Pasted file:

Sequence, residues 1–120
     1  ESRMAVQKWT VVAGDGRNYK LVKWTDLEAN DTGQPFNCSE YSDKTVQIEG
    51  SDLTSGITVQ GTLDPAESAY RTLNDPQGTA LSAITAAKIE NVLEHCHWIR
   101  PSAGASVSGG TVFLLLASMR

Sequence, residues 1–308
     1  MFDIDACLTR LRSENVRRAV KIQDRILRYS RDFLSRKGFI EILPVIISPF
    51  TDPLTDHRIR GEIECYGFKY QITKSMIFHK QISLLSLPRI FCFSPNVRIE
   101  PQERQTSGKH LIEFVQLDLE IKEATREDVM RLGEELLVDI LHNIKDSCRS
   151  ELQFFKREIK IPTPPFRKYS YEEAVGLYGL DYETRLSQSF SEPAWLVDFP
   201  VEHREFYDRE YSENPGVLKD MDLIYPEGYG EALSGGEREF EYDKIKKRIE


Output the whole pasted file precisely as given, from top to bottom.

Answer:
Sequence, residues 1–120
     1  ESRMAVQKWT VVAGDGRNYK LVKWTDLEAN DTGQPFNCSE YSDKTVQIEG
    51  SDLTSGITVQ GTLDPAESAY RTLNDPQGTA LSAITAAKIE NVLEHCHWIR
   101  PSAGASVSGG TVFLLLASMR

Sequence, residues 1–308
     1  MFDIDACLTR LRSENVRRAV KIQDRILRYS RDFLSRKGFI EILPVIISPF
    51  TDPLTDHRIR GEIECYGFKY QITKSMIFHK QISLLSLPRI FCFSPNVRIE
   101  PQERQTSGKH LIEFVQLDLE IKEATREDVM RLGEELLVDI LHNIKDSCRS
   151  ELQFFKREIK IPTPPFRKYS YEEAVGLYGL DYETRLSQSF SEPAWLVDFP
   201  VEHREFYDRE YSENPGVLKD MDLIYPEGYG EALSGGEREF EYDKIKKRIE